The perceived loneliness of the ultra long-distance runner

Distance running is often looked at as a lonely pursuit, where the closest thing to conversation is the bleeping of a smartwatch. But it doesn’t have to be like this. Having spent the early part of the year training for the Milton Keynes marathon, I was looking for something completely different; something social, relaxed and visually stunning – without a roundabout in sight.

Race to the Stones ticked all these boxes. Starting in the Chilterns, the route heads west along the Ridgeway, believed to be “Britain’s oldest road”, before finishing at Avebury stone circle, the largest megalithic stone circle in the world. Runners can choose to complete the 100km distance in one heroic push, or in two 50km efforts, camping overnight at the halfway point in Wantage.

For reasons unclear, I went for the first option, convincing my friends Nick and Isaac to join me. We decided we would be “completing not competing”, an approach made necessary by our distinct lack of training. Worryingly, my longest run in preparation for this hilly ultra-marathon was a half-pint half-marathon (13 miles, 13 half pints) around the pancake-flat streets of south London.

At least we had the weather on our side. A mild, overcast day with some light drizzle – perfect conditions for ultrarunning. Our tactic was simple: walk the uphills, run the flats and the downhills. We’d start slow and inevitably get slower, but hopefully not so slow as to miss our pre-booked bus in 14 hours’ time.

The early part of the route is stunning, taking in the appropriately named Field of Dreams – a bright yellow crop field – and the not-at-all-grim Grim’s Ditch.

Moreover, unlike a road marathon, an ultra affords you time to strike up conversation with friends and strangers. After a quick game of Marooned 5 – a twist on Desert Island Discs, in which you name the five tracks you’d like to maroon on a desert island, never to hear again – we began talking with two Israeli runners, one of whom had accidentally left his usual running shoes in his hotel. “That’s the thing about ultras,” he said, cheerfully. “They rarely go to plan.”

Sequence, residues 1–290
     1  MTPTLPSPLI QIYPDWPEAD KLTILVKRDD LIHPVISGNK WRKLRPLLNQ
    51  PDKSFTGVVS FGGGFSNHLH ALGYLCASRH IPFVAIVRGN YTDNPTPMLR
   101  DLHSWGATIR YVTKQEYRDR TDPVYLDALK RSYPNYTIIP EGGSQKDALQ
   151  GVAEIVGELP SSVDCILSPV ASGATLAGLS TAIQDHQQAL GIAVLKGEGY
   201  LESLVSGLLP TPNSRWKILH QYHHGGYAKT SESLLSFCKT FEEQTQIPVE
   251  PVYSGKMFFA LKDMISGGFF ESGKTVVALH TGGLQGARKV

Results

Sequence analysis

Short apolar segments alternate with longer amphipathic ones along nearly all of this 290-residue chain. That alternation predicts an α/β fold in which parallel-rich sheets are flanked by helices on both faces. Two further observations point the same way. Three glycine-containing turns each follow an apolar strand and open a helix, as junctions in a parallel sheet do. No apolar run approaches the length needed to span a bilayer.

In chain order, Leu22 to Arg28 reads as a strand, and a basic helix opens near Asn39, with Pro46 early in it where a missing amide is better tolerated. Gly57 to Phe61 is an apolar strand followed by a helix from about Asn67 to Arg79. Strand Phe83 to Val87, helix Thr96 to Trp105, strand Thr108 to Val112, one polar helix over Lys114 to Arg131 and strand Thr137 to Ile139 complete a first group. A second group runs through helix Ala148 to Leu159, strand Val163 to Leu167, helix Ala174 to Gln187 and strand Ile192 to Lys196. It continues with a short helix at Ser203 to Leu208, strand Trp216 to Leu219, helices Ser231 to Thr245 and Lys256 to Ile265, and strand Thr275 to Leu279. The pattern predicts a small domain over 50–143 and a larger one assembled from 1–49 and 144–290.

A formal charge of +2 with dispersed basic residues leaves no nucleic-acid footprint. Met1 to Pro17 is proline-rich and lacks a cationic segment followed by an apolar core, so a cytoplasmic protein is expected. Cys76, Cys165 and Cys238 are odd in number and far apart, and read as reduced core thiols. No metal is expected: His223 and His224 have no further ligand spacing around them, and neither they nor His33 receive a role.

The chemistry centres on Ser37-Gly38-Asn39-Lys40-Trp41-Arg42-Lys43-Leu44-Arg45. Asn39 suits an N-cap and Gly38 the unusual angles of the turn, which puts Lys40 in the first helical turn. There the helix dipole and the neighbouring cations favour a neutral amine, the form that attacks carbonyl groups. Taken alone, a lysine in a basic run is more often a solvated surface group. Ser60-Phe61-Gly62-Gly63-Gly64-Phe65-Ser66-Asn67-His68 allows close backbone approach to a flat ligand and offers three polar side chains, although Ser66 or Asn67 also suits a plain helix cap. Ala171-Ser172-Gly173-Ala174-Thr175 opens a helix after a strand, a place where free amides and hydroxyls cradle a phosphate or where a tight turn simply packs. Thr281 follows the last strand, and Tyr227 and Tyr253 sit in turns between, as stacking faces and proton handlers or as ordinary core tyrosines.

Stocking up with some hot food at the halfway mark, a quick calculation revealed we’d have to do the second 50km in under eight hours if we were to bus back to Swindon station. Easy, right?

Unfortunately, what with ultras rarely going to plan, Isaac had managed to become separated from both his two water bottles and had become seriously dehydrated. An extended stop at the 70km aid station was required, while Isaac rehydrated and Nick and I attempted to eat our own body weight in bananas and watermelons.

With the clock ticking, we arrived at the 80km mark to be met by a volunteer who cheerily told us there were “only four parkruns to go”. With two-and-a-half hours left before our bus departed, you might think such news was met with relief. However, with our current speed roughly that of an arthritic tortoise, it instead confirmed that we’d have to get a move on if we were to avoid being stuck overnight in Avebury.

Yet, even in these testing moments, there’s the sense you’re in it together. Perhaps it’s a result of the preposterously long distance, or the fact that PBs are of concern only to the very front of the field, but the atmosphere here was one of friendliness and support.

Even so, those final “four parkruns” were agony. In today’s hotly contested game of ‘My Sorest Part’, my right hamstring was now just edging it from my left shin, and the finish line couldn’t come quick enough. Finally, thrillingly, Avebury stone circle came into view. Alas, Race to the Stones should really be rechristened ‘Race Beyond the Stones’, as exhausted runners then have to about-turn and head another kilometre to the finish. Rubbing one of the ancient boulders for strength, I shuffled onwards, crossing the finish line in a tad over 13 hours, with Nick and Isaac close behind.

Our preparation had been poor, our fitness questionable, but we’d done it. In doing so, a number of discoveries had been made. Firstly, 100Km is a long, long way to run. Secondly, the Ridgeway is one of Britain’s best-looking paths. And finally, ultramarathons – far from being lonely pursuits – are great places to form and cement some long-distance friendships.

Register your interest for 2018s Dixon Carphone Race to the Stones here

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